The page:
News and HeadlinesNational NewsScripps News

Actions

Ukraine uses decoy weapons to diminish Russia's limited arsenal

A Ukrainian warehouse sells battlefield decoys that supporters can send to the frontlines to help protect Ukraine's weapons.
Ukraine uses decoy weapons to diminish Russia's limited arsenal
Posted at 6:05 PM, Jul 11, 2023
and last updated 2023-07-11 19:50:56-04

Russian video was released showing a lancet suicide drone, costing at least $20,000, obliterating what they thought was a $13 million leopard tank, provided to Ukraine by Germany. 

That video and other photos and videos posted by Ukraine, were purporting to show Russian strikes biting on similar "bait," but it can’t be independently verified. They comport with a strategy known to be employed by both sides: trick your adversary into wasting their limited supply of artillery, kamikaze drones and missiles. 

And in Ukraine, where so many citizens look for ways to contribute to the war effort, they can shop and donate directly to the front lines at the "smart war" store. A man, who asked Scripps News to call him Ivan, serves as a "customer service" rep. 

"This mortar is made the actual size. Of course, if you stand very close, you can see that it is wooden, but it looks like a real one from a drone," said Ivan. 

Ivan showed us wooden machine guns, anti-tank rockets and mortars. The prices marked showed that an anti-tank grenade launcher, for example, can be purchased for around $80. Speedy delivery is assured, not to the customer’s home, but to a military unit on the front line.  

"My task is people come and ask 'what kind of device is this?' I say this is a mock-up of an anti-tank weapon. I tell them why it is needed, how it is placed and whom it will help. Here are infantry weapons, as well as mortars and anti-tank guns," said Ivan. 

Like the decoys he’s peddling, Ivan himself isn’t what he appears to be.  

SEE MORE: Ukraine war reaches the 500-day mark with over 9,000 civilian deaths

SCRIPPS NEWS' JASON BELLINI: So are you a salesman? 

IVAN: No, I have no financial interest. I am not a manager and I am not a salesman. I just want to help somehow. If they’d just let me go to the front now, I would.

Since 2014, he has said yes to dangerous missions, as a senior marine sergeant who fires anti-tank weaponry. At the start of the full-scale invasion last year, his unit fought to defend, but ultimately lost, the city of Mariupol. The Russians captured him. After nine months in captivity, he was released in one of the prisoner exchanges. Since then, he has been in Kyiv receiving rehabilitation — for what injuries, he won’t specify.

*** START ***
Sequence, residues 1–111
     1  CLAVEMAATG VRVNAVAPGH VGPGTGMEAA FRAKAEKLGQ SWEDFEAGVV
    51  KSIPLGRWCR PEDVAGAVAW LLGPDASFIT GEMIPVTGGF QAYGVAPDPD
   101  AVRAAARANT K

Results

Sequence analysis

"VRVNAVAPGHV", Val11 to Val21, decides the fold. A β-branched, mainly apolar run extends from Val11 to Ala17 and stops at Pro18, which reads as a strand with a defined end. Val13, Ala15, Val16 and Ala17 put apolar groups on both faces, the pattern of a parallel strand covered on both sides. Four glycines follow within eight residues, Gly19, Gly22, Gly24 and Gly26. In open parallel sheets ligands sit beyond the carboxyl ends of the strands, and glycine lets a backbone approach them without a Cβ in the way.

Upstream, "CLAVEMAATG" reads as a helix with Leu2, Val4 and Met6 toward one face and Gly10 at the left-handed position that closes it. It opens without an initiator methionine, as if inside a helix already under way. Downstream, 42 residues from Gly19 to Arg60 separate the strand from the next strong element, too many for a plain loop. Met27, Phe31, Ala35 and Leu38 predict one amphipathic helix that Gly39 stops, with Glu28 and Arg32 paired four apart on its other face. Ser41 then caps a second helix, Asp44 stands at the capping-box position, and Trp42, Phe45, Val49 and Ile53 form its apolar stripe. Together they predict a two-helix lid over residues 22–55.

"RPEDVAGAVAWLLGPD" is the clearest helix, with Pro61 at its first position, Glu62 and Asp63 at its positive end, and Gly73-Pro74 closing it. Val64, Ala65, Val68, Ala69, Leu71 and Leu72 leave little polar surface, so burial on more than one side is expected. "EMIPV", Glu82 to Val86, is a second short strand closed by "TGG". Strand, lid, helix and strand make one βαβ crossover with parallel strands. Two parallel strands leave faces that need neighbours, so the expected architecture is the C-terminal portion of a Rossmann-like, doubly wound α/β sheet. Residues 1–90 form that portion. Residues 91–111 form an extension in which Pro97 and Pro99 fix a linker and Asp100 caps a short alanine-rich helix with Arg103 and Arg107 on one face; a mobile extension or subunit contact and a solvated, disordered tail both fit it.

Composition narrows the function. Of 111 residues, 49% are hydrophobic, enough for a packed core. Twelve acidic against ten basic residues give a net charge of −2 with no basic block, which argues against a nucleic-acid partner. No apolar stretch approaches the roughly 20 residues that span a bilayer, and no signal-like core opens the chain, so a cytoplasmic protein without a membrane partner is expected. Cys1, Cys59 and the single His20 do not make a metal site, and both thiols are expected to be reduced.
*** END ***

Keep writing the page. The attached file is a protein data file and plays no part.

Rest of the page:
He says the military doesn't think he is ready. For now, this is how he contributes to the war effort.  

"As a child, I vacationed with my father at sea. And on the way to the beach there was a big banner that said, 'the best rest is a change of activity.' I'm not someone who'd want to change my field of activity, even on vacation. So I've ended up here in a military establishment," said Ivan. "If I can help during these couple of months that I am in Kyiv for rehabilitation — then why not.  Everything for the victory."

The decoys here are relatively small. The big guns Ukraine is using to attract Russian cruise missiles are inflatable purchased from Inflatech, a Czech company that says a fake tank can be inflated, and ready for the Russians to blow up, in 10 minutes. Among their dozens of offerings are decoy versions of HIMARS rockets. 

BELLINI: If you had decoys like these a year ago in Mariupol do you think that could help you avoid getting captured? 

IVAN: At the time when I was captured, there was only one way to escape capture — to die. If we had such decoys, we would have killed more Russians. Perhaps we could have held out longer. Decoys were needed.

SEE MORE: Ukraine, Russia trade allegations over plans to attack nuclear plant


Trending stories at Scrippsnews.com